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To win the lovely maid of Fressingfield. Ralph. Sirrah Ned, wouldst fain have her? P. Edw. Ay, Ralph.

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Ralph. Why, Ned, I have laid the plot in [95 my head; thou shalt have her already.

P. Edw. I'll give thee a new coat, an learn me that.

Ralph. Why, Sirrah Ned, we 'll ride to Oxford to Friar Bacon. O, he is a brave scholar, [100 sirrah; they say he is a brave necromancer, that he can make women of devils, and he can juggle cats into costermongers.

P. Edw. And how then, Ralph ?

Ralph. Marry, sirrah, thou shalt go to [105 him: and because thy father Harry shall not miss thee, he shall turn me into thee; and I'll to the court, and I'll prince it out; and he shall make thee either a silken purse full of gold, or else a fine wrought smock.

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P. Edw. But how shall I have the maid? Ralph. Marry, sirrah, if thou be'st a silken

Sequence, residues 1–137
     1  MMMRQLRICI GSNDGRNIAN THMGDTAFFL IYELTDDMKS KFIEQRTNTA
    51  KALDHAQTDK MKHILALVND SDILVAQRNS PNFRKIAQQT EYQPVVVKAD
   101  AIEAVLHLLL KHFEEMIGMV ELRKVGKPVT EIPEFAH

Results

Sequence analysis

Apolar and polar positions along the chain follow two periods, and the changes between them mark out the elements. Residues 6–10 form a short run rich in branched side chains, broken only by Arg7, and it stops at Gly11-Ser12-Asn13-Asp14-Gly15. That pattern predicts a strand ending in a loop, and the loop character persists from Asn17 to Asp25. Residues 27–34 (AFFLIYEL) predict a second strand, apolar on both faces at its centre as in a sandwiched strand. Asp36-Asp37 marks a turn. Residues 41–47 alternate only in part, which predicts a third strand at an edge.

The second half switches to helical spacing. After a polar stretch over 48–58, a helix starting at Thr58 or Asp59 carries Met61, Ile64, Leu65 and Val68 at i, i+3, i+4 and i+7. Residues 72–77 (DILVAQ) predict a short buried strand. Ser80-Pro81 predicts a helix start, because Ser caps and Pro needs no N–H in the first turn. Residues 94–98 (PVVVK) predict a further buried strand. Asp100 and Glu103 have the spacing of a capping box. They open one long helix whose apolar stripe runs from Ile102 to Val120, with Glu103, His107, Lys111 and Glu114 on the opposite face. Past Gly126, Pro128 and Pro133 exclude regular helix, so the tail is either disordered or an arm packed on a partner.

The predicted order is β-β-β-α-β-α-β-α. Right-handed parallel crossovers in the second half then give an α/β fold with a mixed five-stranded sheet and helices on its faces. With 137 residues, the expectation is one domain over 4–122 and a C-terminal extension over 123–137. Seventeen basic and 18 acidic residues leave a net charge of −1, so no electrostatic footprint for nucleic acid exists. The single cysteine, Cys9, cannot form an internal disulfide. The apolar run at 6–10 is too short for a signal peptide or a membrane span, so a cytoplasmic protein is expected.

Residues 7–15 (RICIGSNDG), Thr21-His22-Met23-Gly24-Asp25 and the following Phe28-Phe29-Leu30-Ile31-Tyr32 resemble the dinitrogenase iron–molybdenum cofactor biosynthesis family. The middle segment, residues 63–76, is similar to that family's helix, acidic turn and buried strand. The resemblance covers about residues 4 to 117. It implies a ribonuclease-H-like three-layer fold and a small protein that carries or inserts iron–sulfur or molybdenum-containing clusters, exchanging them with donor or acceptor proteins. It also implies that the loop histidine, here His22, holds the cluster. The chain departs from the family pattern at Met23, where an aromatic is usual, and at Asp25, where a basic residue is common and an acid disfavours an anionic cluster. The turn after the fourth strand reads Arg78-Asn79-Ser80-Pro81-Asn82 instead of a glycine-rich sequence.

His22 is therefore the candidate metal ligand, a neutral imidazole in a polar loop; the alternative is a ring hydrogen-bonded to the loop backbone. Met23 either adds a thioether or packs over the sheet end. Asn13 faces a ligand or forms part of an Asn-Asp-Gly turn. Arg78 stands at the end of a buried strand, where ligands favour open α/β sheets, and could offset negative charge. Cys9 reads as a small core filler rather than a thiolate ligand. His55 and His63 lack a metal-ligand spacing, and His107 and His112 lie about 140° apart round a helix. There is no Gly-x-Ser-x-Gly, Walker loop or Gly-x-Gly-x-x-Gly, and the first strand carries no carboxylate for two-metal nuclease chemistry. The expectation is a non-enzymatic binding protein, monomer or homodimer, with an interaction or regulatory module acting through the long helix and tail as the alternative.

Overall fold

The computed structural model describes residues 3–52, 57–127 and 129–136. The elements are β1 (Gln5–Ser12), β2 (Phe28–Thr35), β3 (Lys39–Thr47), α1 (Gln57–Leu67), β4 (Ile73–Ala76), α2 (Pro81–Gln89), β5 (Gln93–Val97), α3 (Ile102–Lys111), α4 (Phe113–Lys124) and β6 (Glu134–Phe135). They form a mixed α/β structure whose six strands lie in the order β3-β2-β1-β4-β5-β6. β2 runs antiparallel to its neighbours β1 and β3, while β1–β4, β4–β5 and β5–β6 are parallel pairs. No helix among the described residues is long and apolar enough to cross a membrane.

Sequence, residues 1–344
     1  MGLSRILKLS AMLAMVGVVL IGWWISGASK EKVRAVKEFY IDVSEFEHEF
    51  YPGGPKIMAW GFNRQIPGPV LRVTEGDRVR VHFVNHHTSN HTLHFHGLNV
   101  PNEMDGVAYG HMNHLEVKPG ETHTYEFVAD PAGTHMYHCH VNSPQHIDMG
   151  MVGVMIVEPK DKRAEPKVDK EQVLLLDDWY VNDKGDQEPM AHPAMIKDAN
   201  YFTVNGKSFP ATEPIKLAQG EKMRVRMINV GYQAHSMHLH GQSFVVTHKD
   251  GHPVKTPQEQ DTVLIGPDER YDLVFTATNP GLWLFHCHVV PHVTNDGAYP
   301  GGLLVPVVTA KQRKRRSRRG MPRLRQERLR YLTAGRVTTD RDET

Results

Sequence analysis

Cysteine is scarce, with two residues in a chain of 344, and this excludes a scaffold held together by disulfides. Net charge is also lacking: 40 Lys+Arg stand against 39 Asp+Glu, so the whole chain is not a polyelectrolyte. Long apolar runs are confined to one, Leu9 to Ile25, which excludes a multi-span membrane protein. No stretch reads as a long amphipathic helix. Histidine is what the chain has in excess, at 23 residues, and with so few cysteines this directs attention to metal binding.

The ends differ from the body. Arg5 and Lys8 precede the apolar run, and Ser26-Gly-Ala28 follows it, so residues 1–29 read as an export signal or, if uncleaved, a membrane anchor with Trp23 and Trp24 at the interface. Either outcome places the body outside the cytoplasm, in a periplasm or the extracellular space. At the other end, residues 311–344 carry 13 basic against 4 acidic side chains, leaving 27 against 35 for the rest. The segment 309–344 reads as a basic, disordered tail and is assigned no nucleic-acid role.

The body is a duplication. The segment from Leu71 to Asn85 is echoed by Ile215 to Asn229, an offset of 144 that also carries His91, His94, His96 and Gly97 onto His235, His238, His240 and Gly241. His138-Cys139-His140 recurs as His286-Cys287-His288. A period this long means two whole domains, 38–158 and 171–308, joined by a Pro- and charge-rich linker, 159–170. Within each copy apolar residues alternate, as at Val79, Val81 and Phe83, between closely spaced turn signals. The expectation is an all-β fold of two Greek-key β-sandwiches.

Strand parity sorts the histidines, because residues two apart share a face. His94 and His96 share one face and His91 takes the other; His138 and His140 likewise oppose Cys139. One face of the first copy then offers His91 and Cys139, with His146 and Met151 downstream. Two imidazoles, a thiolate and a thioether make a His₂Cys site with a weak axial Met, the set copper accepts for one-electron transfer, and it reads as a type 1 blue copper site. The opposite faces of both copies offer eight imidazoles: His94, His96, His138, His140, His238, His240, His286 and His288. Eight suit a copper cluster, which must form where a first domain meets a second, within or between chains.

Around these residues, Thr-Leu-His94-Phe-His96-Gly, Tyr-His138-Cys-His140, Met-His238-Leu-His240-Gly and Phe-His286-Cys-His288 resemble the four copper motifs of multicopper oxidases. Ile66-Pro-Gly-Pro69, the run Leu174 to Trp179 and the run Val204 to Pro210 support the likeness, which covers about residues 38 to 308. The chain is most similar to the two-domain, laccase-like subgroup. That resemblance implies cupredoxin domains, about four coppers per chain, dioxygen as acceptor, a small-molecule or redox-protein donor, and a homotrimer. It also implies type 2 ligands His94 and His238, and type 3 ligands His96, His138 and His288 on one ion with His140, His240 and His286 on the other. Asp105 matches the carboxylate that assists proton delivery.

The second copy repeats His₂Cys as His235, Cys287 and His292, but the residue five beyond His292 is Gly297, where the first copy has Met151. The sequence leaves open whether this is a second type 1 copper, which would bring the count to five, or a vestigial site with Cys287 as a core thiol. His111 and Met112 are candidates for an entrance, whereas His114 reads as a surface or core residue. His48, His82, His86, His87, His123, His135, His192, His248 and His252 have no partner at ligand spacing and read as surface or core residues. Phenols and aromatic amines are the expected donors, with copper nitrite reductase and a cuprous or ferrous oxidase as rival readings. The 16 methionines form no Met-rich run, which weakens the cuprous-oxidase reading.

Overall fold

1 Pearls. 2 Rare appearance. 3 Tint. 4 Would have made that woman blush whom art, etc.

purse full of gold, then on Sundays she 'll hang thee by her side, and you must not say a word Now, sir, when she comes into a great [ press of people, for fear of the cutpurse, on a sudden she 'll swap thee into her plackerd; then, sirrah, being there, you may plead fo yourself.

Erms. Excellent policy!

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P. Edw. But how if I be a wrought smock Ralph. Then she 'll put thee into her ches and lay thee into lavender, and upon some goo day she'll put thee on; and at night when yo go to bed, then being turned from a smock to a man, you may make up the match. Lacy. Wonderfully wisely counselled, Ralpl P. Edw. Ralph shall have a new coat. Ralph. God thank you when I have it on m back, Ned.

P. Edw. Lacy, the fool hath laid a perfe plot; For-why our country Margaret is so coy, And stands so much upon her honest points, That marriage or no market with the maid. Ermsby, it must be necromantic spells And charms of art that must enchain her lov Or else shall Edward never win the girl. Therefore, my wags, we'll horse us in t

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And then the country flocks to Harleston fa Then will the Keeper's daughter frolic there, And over-shine the troop of all the maids That come to see and to be seen that day. Haunt thee disguis'd among the country-swa Feign thou 'rt a farmer's son, not far fi thence,